North Texas Daily

Letter: Questioning the true purpose of campus carry meetings

Letter: Questioning the true purpose of campus carry meetings

Letter: Questioning the true purpose of campus carry meetings
October 29
02:20 2015

Jamie Johnson and Beverly Davenport | Faculty, UNT Anthropology

As faculty members, we were distraught by the dismally low turnout at the faculty town hall last Wednesday, scheduled to discuss (?) inform (?)  and solicit opinions (?) about the implementation of the Campus Carry Law.

Roughly 35 attendees sparsely populated the enormous conference room and of that number, students, administrators, and a state representative (who endorsed the bill) were also present. Where was the voice of a representative who opposed the bill? And where were the rest of my colleagues? They may well have been teaching as the meeting was scheduled at prime teaching hours (unlike the scheduling at UT-Austin, when similar sessions were scheduled for 7 p.m. and 3 p.m.)

One of us was made aware of the town hall meeting in an administrative email and entered it on their calendar. On Wednesday morning, she logged on to the UNT homepage to check the exact location.   Out of the fourteen events planned for that day, apparently a town hall meeting about guns on campus wasn’t important enough to make the University’s official calendar.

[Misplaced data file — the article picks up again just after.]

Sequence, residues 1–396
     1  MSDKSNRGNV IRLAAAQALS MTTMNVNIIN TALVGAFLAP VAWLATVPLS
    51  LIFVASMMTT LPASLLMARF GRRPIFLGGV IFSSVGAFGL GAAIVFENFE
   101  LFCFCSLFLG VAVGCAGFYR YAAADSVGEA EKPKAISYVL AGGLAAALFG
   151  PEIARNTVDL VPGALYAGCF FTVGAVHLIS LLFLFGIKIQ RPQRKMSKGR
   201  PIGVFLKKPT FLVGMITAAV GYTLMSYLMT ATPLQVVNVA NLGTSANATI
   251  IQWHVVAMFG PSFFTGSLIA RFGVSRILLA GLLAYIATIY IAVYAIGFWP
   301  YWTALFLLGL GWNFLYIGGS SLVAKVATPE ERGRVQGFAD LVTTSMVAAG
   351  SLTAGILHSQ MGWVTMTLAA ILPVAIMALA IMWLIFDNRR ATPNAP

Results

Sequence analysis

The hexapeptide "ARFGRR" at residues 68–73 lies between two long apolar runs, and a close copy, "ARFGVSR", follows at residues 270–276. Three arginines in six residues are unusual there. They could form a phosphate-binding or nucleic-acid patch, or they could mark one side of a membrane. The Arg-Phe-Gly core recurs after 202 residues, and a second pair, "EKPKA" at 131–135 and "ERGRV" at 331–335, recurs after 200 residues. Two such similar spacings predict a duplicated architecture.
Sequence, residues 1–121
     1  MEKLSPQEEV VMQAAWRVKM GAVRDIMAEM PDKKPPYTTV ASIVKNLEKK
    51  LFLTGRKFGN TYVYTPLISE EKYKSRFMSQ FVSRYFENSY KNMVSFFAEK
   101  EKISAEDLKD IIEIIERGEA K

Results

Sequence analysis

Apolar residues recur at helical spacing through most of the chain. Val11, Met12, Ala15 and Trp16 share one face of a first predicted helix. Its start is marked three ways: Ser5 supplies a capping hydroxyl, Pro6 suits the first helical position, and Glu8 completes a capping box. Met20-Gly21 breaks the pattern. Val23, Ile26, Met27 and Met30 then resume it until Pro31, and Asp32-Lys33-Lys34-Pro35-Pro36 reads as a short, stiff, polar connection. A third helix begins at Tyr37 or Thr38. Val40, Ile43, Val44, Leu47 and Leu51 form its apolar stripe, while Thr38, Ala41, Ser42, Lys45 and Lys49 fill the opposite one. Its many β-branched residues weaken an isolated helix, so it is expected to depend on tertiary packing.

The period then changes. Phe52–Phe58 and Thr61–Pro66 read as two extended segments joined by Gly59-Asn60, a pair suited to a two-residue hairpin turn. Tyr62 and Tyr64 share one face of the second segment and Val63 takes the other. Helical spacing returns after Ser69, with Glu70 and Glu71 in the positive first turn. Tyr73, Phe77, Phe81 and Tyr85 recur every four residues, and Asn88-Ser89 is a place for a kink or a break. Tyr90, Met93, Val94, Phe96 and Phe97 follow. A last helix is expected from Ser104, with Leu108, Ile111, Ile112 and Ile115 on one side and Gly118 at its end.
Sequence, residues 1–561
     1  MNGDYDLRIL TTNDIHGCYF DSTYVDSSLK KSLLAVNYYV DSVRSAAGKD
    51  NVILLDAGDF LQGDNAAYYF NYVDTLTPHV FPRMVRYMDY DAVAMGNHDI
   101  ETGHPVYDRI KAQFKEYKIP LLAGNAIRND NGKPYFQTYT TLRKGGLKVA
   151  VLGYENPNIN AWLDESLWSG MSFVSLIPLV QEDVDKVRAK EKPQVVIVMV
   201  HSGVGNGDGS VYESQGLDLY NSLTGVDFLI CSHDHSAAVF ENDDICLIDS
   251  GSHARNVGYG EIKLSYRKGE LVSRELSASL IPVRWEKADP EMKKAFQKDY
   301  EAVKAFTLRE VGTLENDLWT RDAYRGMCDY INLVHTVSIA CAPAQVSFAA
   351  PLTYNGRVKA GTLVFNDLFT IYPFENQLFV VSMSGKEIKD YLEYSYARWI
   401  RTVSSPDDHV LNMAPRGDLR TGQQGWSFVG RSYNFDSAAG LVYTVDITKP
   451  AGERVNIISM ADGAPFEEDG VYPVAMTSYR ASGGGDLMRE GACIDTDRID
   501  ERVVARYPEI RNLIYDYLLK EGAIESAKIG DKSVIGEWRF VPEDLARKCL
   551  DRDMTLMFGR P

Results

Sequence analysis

Not as important as good study habits. Not as important as housing information. Not as important as various musical performances, a flu clinic, or a brochure-making workshop.

In the meeting, questions were raised about process and purpose of the town hall. These questions were never directly answered. Was the purpose to “secure our input” about which specific buildings we would like to be gun-free? Was this the way we were “exercising local control?”  If so, where exactly would our input go?

Most of the talk at the meeting revolved around students as carriers and as open shooters, but what about CHL-carrying faculty and staff? One of us is a fifth generation Texan who is a proud gun owner.

How will the promise of “safety first for students, staff, and faculty” actually be met? All talk about this bill as promoting safety is moot because, as we were told at the meeting, S.B. No. 11 is not about promoting safety. It’s about protecting Second Amendment rights.

UNT students we’ve checked with have been about 80 percent opposed to campus carry. All the private universities in our area: SMU, TCU, Austin College, etc., have already opted out of the bill. That’s because they have the ability to do so.

As a state school, we don’t. Does that mean that we simply kowtow to a minority of the legislature backed by NRA dollars? Could we not, as faculty at UT-Austin have done, petition to have our recommendations seriously considered?

Was this pitifully advertised town hall meeting our only platform? If we write to the “fill-in-the-blank” expressing our concerns, will they be heard and addressed in a meaningful way? Or were these town halls planned to let concerned students, faculty and staff just let off steam?

We need more significant involvement in this process before the final draft, which is due February 2016.

Featured Image: File Photo

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